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Iraq: Red Cross messages continue to provide vital link

17-09-2003

In a run-down neighbourhood of Baghdad, a message from his son in captivity brings tears to a father's eyes. For many Iraqis, the messages remain the only means of contacting their loved ones. The ICRC's Ahmed al Rawi reports

   

Father reading RC message   Adnan's father is overwhelmed as he reads the message from his son, brought by a member of the ICRC delegation in Baghdad (photo:ICRC)    
 

The Red Cross car stopped in Abu Adshir, a poor area on the outskirts of Baghdad, where houses are run down and decrepit. Children stopped playing in the mud and women rushed to the windows, staring from behind the curtains at the unfamiliar scene of a clean white car in this neglected part of town. The ICRC team members greeted them, and asked for help to deliver a Red Cross Message to the family of Adnan, a young Iraqi detained by American forces.

As the address given on the message was incomplete a group of teenagers offered to look for Adnan's house. After an hour combing the streets of Abu Adshir, the ICRC team finally found its way to a small house with a rusty door. Adnan's father, leaning on a stick, stepped out to welcome the visitors.

Since the young man left the house one evening several weeks ago the family had been without news of him. After a fortnight of desperately trying to find his son, the father finally made his way to the ICRC's office in Baghdad to ask for help.

Seeing the Red Cross car arrive outside, the father initially feared the worst, imagining his son injured or killed. His fears soon vanished when he was told that his son was safe although in detention. With shaking hands he accepted the Red Cross message, reading it with tears in his eyes and a nervous smile.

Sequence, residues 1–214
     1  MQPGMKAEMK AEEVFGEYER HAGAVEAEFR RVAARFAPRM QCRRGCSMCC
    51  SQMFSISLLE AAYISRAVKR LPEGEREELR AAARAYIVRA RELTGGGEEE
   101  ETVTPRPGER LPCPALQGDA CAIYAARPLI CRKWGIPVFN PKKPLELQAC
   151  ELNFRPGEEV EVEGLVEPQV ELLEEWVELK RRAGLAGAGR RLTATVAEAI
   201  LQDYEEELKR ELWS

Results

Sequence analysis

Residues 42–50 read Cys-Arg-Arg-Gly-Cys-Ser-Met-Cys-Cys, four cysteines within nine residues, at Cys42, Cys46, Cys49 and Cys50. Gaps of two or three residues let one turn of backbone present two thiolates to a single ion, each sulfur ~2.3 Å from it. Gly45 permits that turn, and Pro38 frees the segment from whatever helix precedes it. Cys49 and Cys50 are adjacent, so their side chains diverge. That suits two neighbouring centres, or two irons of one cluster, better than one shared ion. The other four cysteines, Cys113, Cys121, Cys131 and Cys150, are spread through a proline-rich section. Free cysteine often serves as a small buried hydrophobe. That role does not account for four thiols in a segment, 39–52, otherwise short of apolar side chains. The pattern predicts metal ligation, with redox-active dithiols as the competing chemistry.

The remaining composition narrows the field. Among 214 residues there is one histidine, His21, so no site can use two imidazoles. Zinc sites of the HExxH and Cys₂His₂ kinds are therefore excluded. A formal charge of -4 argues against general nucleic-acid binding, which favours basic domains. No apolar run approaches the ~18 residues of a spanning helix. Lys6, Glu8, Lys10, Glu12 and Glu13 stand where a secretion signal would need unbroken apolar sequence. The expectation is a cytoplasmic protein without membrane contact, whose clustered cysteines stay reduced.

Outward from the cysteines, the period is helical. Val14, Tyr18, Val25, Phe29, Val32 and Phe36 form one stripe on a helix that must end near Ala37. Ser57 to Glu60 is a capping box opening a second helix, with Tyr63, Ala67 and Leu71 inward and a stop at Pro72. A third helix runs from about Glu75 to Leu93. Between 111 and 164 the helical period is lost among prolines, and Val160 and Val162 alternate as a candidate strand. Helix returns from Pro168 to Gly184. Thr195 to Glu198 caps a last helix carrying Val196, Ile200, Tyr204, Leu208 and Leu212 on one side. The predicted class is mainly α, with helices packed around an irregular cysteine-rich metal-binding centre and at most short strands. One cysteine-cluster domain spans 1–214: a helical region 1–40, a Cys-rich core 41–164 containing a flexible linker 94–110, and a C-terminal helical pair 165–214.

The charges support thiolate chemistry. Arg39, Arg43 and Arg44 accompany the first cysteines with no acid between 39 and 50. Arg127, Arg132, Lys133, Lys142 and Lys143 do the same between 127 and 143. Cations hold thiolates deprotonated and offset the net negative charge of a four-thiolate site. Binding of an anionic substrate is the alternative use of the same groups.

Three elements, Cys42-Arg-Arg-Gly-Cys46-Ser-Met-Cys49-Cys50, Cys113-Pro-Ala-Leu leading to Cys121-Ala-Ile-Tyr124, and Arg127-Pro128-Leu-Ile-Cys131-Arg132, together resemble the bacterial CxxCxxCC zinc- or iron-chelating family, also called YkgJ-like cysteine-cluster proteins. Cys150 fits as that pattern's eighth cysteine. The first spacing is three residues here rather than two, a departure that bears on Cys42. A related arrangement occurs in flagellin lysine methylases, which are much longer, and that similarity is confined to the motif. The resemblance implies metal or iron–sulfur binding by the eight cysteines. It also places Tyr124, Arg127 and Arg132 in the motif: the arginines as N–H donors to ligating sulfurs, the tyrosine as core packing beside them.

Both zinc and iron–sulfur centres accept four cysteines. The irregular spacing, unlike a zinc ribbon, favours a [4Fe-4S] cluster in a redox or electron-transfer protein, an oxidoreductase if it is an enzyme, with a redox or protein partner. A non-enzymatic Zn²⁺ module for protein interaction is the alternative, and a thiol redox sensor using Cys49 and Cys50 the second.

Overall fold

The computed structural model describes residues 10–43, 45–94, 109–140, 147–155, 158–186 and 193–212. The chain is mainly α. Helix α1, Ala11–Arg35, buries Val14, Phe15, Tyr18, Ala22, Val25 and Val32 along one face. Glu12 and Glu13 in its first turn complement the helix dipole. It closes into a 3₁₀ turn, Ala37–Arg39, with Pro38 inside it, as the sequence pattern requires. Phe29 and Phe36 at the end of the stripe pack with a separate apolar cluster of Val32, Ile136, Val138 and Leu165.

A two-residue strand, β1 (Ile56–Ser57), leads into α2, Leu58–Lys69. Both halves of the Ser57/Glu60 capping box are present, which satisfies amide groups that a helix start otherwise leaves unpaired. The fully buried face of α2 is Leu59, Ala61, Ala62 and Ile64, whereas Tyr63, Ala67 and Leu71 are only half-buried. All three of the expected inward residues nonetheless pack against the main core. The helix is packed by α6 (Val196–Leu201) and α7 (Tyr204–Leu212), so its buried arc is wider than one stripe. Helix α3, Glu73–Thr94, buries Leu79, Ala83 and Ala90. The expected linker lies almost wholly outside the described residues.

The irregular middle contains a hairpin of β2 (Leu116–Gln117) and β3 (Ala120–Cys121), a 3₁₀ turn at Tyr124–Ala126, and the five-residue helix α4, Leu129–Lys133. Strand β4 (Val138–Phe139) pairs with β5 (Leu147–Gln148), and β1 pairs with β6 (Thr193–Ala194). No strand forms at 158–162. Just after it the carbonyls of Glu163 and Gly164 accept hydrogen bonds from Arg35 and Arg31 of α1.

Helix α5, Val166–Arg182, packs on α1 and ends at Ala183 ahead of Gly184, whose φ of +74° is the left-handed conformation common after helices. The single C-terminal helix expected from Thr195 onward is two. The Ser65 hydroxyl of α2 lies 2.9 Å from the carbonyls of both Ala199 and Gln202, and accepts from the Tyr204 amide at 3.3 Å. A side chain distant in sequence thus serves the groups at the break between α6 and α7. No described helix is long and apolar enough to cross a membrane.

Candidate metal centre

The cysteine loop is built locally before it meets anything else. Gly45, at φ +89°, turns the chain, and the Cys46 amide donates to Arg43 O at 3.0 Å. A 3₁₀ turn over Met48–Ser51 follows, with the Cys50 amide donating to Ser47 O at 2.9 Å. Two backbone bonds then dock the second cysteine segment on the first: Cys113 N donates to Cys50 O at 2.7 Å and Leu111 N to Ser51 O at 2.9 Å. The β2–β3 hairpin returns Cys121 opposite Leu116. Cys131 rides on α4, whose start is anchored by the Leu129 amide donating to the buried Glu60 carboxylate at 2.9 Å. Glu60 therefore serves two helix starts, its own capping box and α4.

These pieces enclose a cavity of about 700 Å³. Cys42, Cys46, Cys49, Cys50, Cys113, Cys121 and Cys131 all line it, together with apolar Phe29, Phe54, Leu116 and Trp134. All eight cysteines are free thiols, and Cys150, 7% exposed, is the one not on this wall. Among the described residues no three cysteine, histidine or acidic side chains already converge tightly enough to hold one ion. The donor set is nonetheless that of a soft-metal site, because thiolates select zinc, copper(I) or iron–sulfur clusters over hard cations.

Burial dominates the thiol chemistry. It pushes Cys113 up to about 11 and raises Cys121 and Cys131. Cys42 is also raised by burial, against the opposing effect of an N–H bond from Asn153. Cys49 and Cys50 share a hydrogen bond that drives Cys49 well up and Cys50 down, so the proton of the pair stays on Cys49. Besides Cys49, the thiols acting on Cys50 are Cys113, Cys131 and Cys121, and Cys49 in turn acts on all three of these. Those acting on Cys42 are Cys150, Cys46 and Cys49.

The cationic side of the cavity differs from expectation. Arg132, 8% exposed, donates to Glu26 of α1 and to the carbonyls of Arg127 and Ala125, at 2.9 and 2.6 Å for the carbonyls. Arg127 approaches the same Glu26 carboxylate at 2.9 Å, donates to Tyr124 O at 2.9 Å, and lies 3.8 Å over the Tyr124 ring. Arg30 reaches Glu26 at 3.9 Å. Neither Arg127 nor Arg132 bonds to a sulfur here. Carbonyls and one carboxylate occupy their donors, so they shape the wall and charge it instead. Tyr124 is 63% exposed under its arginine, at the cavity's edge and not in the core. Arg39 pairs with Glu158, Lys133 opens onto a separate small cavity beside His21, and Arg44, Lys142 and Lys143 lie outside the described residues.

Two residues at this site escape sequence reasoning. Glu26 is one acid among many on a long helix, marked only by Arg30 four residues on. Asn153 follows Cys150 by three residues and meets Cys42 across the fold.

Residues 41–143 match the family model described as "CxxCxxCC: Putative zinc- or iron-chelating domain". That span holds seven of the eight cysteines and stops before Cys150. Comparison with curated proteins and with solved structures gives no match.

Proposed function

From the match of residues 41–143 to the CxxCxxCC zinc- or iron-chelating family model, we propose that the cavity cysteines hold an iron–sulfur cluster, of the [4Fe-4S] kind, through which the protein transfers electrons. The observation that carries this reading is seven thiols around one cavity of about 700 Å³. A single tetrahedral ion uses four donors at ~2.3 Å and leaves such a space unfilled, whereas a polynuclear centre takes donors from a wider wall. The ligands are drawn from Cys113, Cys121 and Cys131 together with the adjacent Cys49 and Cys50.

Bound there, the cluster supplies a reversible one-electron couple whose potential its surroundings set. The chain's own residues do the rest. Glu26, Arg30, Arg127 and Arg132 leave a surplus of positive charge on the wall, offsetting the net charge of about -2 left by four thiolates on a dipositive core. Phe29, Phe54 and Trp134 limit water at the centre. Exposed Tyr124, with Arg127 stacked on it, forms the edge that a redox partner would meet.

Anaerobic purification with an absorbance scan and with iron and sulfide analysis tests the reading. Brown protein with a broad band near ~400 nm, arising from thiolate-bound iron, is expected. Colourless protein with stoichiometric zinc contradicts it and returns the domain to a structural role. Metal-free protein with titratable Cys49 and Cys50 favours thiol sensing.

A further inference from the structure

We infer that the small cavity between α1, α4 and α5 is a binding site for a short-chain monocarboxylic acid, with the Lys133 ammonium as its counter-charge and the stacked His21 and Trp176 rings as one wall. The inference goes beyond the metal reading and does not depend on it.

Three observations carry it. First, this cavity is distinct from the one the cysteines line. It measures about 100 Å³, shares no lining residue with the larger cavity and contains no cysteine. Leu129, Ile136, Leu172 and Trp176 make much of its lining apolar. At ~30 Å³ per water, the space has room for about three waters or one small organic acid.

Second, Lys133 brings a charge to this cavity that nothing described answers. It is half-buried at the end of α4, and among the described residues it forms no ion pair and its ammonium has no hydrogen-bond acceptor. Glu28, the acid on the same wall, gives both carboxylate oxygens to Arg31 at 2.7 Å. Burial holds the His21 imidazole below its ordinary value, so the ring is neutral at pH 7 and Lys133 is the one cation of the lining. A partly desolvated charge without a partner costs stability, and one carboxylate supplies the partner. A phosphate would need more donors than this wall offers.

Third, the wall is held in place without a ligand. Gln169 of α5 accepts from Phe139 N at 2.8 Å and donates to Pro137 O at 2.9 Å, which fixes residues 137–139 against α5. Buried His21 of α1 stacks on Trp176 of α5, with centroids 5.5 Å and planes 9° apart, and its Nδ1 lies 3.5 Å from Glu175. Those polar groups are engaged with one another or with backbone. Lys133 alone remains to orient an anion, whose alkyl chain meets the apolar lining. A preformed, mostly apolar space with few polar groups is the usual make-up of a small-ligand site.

Since March 2003, the ICRC in Iraq has collected and distributed more than 21,640 messages, including about 9,500 exchanged between detainees and their families... 
 

While the neighbours gathered to have a look at the message the ICRC workers were made welcome inside the house and offered some tea. And as Adnan's father slowly wrote out a reply to his son the smiling ICRC driver tried to reassure him: " Your son is fine, he will come back home; just be patient " .

Since the beginning of major hostilities in March 2003, the ICRC in Iraq has collected and distributed more than 21,640 messages, including about 9,500 exchanged between detainees and their families.

Based on its humanitarian mandate defined by the Third and Fourth Geneva Conventions, the ICRC visits detainees – prisoners of war and civilians – in all major detention places under the authority of the Occupying Power. Family visits to detainees are only authorized in some prisons and camps, which means that for many detainees and their families Red Cross messages offer the only possibility to send a sign of life.